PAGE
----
16 Nov 2010

Extended Pleasure, or How To End A Song

Sometimes we kid ourselves that our particular taste in individual songs and songwriters is based on some intangible personal connection - with projected nostalgias, secret meanings which only we pick up, or a melody or lyric that is all the more perfect for its unaccountable perfection. However, in my case, just a little consideration can quickly shatter this pleasant illusion. There are some quite basic material features that reappear in many of those songs that mean the most to me. I'm going to discuss one of the most prevalent, with reference to its occurrence not only throughout the work of my favourite artist, but also in my decided 'song of the year' (so far) and in one of the songs which I'm quite sure I'd have played at my hypothetical funeral. These are all monumental musical beacons in my life, and yet they are united (though not completely defined) by a simple structural trend, specifically the introduction of a new vocal countermelody over a looping chorus or coda in the final moments of the song.

I think my addiction to this quite simple feature comes from the aversion that I have to the endings of songs. A song's beginning can quite often be its best moment - the ending almost never is. Musical material in pop is often allowed to exhaust itself and song endings often come out of necessity, rather than constituting 'moments' in themselves. They also, more often than not, makes use of a repeat of the chorus, or material based on the chorus, and choruses are normally far less interesting than verses and bridges, I find. It's in these earlier sections that we hear the best lyrics, the most complicated and varied melodies, the newness and the sense of narrative. I love a late third verse, an unanticipated treat after a lot of chorus material. I also love a good middle eight (or middle twelve, or sixteen, or however long), which are normally even more melodically delightful and often harbour a lyrical secret or surprise. Choruses however, while they may bring joy and release with their initial entrance, almost universally wear thin by the third or fourth repeat. Closing a song by cycling through instrumental riffs or summative chorus fragments can be just as disappointing. I'm not saying this trend ruins pop songs for me, it's just that I tend to run out of anticipation once the middle eight has been reached. More often than not, this is the last point of newness - the moment of climax - and the rest of the song is a kind of post-coital cooling.

What then could be better than a song format in which the best moment is saved right till the end: a whole song's worth of intensifying anticipation and a delightful arrival after which the listener is completely entitled to skip back to the beginning of the track whilst risking only minor accusations of ipod-borne, itchy thumb syndrome?! Owen Pallett is a veritable guru of this particular tantric lore. Many of my favourite Pallett/Final Fantasy tracks kick in with a brilliant new melody right at the end: most recently on 'The Great Elsewhere' ('Followed him out to the end of the pier...') and 'Honour The Dead, Or Else' ('Selfish selfish sleepy boy...'), but most spectacularly on 'The Butcher' and 'This Lamb Sells Condos' which both save not one but two new melodies for the end. I think that, to a large extent, this sort of structural feature suggests itself through Owen's live performance practice - looping violin phrases and developing material over the top in a process of accumulation, as opposed to the cyclic model that most conventional bands practice.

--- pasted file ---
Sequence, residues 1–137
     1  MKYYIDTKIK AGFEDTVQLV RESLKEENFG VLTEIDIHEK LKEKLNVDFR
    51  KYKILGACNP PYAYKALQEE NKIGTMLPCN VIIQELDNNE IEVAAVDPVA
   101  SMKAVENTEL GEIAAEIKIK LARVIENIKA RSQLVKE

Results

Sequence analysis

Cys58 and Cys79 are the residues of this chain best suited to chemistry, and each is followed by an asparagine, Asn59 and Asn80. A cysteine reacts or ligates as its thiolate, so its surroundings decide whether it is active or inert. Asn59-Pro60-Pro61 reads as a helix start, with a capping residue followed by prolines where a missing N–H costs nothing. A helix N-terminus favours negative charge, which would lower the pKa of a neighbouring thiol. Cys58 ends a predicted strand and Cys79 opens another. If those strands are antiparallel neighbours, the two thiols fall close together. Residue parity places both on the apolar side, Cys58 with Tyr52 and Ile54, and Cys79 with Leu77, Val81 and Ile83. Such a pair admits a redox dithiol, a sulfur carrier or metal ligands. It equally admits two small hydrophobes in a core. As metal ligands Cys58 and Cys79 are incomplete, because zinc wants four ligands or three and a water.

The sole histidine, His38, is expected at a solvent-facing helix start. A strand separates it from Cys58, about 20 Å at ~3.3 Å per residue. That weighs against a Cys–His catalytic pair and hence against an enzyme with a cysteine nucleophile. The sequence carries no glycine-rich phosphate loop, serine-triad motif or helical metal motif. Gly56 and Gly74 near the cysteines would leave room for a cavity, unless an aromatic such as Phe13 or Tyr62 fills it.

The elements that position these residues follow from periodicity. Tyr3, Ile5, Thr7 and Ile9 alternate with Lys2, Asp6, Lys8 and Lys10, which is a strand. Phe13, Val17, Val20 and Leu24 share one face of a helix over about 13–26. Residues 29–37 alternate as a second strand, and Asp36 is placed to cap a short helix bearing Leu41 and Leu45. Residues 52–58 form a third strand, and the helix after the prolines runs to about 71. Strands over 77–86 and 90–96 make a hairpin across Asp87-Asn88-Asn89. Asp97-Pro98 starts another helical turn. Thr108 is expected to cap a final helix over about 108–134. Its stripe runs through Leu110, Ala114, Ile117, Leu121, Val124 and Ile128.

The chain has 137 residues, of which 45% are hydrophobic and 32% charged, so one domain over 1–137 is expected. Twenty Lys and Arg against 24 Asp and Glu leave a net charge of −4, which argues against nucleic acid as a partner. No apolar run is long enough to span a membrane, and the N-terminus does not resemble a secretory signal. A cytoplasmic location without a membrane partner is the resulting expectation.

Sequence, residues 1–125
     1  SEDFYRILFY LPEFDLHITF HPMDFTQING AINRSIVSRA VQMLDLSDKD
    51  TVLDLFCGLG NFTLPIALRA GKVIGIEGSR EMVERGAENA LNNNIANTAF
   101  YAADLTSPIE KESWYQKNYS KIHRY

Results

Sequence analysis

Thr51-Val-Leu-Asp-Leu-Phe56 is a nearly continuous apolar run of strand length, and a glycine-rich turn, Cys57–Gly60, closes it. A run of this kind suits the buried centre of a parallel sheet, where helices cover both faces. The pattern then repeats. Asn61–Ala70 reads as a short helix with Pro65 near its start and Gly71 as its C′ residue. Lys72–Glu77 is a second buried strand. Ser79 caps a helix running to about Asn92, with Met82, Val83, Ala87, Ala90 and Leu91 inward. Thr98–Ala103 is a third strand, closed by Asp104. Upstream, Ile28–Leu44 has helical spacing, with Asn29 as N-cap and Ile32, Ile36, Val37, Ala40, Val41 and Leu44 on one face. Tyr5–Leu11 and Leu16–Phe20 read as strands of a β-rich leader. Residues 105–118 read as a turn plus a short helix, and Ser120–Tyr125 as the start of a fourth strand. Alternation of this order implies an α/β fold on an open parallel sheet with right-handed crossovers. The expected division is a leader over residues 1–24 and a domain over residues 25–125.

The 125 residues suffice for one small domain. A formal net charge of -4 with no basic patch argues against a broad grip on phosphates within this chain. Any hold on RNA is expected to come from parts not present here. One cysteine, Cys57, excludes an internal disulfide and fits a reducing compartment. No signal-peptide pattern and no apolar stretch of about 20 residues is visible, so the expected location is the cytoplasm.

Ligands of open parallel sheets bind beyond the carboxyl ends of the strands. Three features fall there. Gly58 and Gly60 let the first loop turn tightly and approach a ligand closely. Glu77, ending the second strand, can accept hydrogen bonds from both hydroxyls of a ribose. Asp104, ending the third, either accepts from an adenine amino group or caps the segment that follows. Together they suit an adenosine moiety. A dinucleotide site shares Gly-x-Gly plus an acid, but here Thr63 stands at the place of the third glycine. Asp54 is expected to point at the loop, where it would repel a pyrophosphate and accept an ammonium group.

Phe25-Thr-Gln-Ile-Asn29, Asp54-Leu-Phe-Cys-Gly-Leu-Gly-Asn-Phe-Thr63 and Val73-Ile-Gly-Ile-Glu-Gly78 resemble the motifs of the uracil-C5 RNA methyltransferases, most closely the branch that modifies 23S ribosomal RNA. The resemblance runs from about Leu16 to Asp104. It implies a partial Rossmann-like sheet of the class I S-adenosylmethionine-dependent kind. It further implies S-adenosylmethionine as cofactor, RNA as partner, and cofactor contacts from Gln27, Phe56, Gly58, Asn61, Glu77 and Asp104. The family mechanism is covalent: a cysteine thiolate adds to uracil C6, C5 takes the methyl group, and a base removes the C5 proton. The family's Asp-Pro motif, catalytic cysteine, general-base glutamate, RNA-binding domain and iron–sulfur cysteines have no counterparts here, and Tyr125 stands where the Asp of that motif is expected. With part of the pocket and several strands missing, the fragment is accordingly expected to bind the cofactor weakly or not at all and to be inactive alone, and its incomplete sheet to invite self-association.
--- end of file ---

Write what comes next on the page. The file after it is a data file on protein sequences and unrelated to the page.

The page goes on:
Final Fantasy - The Butcher by snipelondon

Yeasayer's 'ONE' - probably my favourite new song of the year - uses the same technique to very different ends. They could very easily have just let the song play out by repeating the fantastic chorus unaltered a few more times. It would have made the song easier to mix with, and anyway, once the music starts, it takes massive physical effort to actually stop dancing before the final beat has decayed away. However, the band decides to give a little bit more and, just as it seems like the funkiness has reached terminal intensity, the whole thing is boosted up to some astral plane exactly one minute before the end. The falsetto countermelody ('It feels like being tranquilised...') tessellates perfectly with the chorus when it rolls back underneath; for me, it's a sensation of taking flight.

Yeasayer - ONE by tut

The final instance that I want to mention is in an obscure but utterly gorgeous song by Love Tractor called ''Til Morning Comes'. This vast and immersive lullaby is full of overlapping melodies, washing over each other like waves, from the chorus that doubles back on itself, to the serene 'bom bom boms' that float around the verse section on its second occurrence. After one further chorus, the mist of steel guitars and string pads lingers to enfold the final occurrence of verse material, lifting it skyward. In a combination of closing countermelody and the kind of pre-lyrical melodic anticipation that I wrote about last week with reference to Death Cab For Cutie, the final melody first takes shape as a synth glow, like the bright white blur that promises to solidify into an angelic vision within the iconography of movie effects. When it arrives, the new melody - again floating high above the texture in a soft falsetto - forms the final stratum in an apotheosis of the kind that Wagner could never hope to show me. (Although I do sometimes wish the track would stop before that sitar comes in...)
It probably all sounds like massive hyperbole, but I'm an absolute sucker for this kind of thing. Anyone writing songs and looking for my complete and unconditional appreciation should take note...